Like Mao, Xi Jinping has made the preservation of the power of the Communist Party his overriding goal, notes a leading analyst. His motive appears partly to be to counter the growing demands of the new, large middle class, created by China’s recent transformation. In doing so, however, Xi runs the risk of reversing many of the extraordinary advances that China has made since the reforms introduced in the late 1970s and early 1980s by Mao’s successor, Deng Xiaoping, the leader who opened up China to the rest of the world, Willy Lam writes for Prospect:
Deng used to say that “economic construction is the centre of the work of the party,” a repudiation of Mao’s belief that ideology trumps economics. Xi, however, has given equal billing to economics, on the one hand, and ideological rectitude on the other. As the ultra-conservative newspaper Beijing Daily put it: “The fate of the CCP depends on whether it can defend the battlefield of ideology and thought.”
Xi’s appeal to nationalism has been popular with the young. And, for the moment, the repressive apparatus of the state seems to be working, notes Lam, an Adjunct Professor at the Chinese University of Hong Kong:
However, as the American sinologist David Shambaugh argued in a much-discussed article earlier this year, the way the police-state apparatus has targeted “the press, social media, film, arts and literature, religious groups, the Internet, intellectuals, Tibetans and Uighurs, dissidents, lawyers, NGOs, university students and textbooks” demonstrates how fearful the regime has become.
“While it would be foolish to predict the demise of the Communist Party in China any time soon, Xi’s faithful impersonation of Mao,” Lam says, “coupled with his failure to offer a new vision of how China might develop into a modern, democratic state, means that he is unlikely to be judged favorably by history—or by China’s growing middle class.”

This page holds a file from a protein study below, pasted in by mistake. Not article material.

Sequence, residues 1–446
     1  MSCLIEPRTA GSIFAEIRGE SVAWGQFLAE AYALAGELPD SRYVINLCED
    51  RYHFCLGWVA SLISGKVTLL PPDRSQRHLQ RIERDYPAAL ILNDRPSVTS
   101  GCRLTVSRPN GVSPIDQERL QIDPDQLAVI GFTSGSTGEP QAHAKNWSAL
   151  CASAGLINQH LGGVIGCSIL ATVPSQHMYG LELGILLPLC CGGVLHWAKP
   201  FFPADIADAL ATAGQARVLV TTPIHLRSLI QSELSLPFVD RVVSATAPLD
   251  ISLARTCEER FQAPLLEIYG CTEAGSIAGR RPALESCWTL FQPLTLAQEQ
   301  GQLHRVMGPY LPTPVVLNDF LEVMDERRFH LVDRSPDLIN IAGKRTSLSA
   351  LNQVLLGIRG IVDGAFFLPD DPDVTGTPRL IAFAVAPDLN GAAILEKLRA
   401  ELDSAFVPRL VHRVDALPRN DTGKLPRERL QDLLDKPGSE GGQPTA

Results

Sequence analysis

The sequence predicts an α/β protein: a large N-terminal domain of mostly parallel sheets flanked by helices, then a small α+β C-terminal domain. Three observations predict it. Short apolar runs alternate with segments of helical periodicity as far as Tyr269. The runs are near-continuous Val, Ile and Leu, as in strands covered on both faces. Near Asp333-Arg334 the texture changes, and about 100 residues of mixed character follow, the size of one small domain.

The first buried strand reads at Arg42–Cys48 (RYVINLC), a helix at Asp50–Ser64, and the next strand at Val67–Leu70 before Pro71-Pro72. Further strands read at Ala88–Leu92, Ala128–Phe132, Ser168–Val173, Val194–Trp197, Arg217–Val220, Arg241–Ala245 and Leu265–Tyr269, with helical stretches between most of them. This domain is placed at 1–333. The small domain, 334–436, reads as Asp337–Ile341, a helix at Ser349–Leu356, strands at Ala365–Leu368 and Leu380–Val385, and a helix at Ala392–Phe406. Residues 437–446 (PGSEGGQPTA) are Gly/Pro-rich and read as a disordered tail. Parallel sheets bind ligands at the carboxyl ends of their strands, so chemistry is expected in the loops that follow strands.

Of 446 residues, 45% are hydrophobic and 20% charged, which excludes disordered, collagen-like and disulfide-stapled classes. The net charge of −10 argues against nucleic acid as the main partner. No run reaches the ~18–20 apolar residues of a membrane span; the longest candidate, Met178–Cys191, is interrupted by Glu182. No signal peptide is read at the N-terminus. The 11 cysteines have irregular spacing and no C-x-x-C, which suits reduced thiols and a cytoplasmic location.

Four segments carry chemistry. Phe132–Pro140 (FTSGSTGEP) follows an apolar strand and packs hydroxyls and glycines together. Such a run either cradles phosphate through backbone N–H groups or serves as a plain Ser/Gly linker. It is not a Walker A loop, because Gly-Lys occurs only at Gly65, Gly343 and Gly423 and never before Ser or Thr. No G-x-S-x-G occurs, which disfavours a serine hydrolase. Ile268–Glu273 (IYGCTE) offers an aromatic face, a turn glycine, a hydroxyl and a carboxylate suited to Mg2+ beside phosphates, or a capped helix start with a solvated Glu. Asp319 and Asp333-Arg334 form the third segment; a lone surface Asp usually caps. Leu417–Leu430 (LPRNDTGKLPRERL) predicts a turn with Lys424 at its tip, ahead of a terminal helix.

About a third of the reported protests in China over the past year are over labor issues, notes Anita Chan, a research professor at the Australia-China Relations Institute, University of Technology, Sydney. Most are staged by workers from China’s countryside who migrated to cities in search of work, she writes for Yale Global Online:
They make up about 60 percent of China’s industrial workforce, providing almost all the workers in the export industries that fill stores around the globe with goods. Guangdong Province, just north of Hong Kong, contains the biggest concentration of such factories in China and has witnessed the largest surge in worker protests…..Thanks to the proximity to Hong Kong, Guangdong’s labor activism is the country’s most vibrant. Two decades ago Hong Kong NGOs quietly crossed the border into Guangdong and set up labor NGOs. Trying to avoid the authorities, the NGOs advised workers about illegal labor practices. Since then, indigenous Chinese-run labor NGOs, worker centers and pro bono advisers on labor law have sprung up throughout the province. As a result, Guangdong workers tend to have a better understanding of their legal rights than elsewhere in China.
Anita Chan is a research professor at the Australia-China Relations Institute, University of Technology, Sydney. She is also co-editor of The China Journal. She has published a dozen books, the latest of which are Walmart in China, Labour in Vietnam, and Chinese Workers in Comparative Perspective.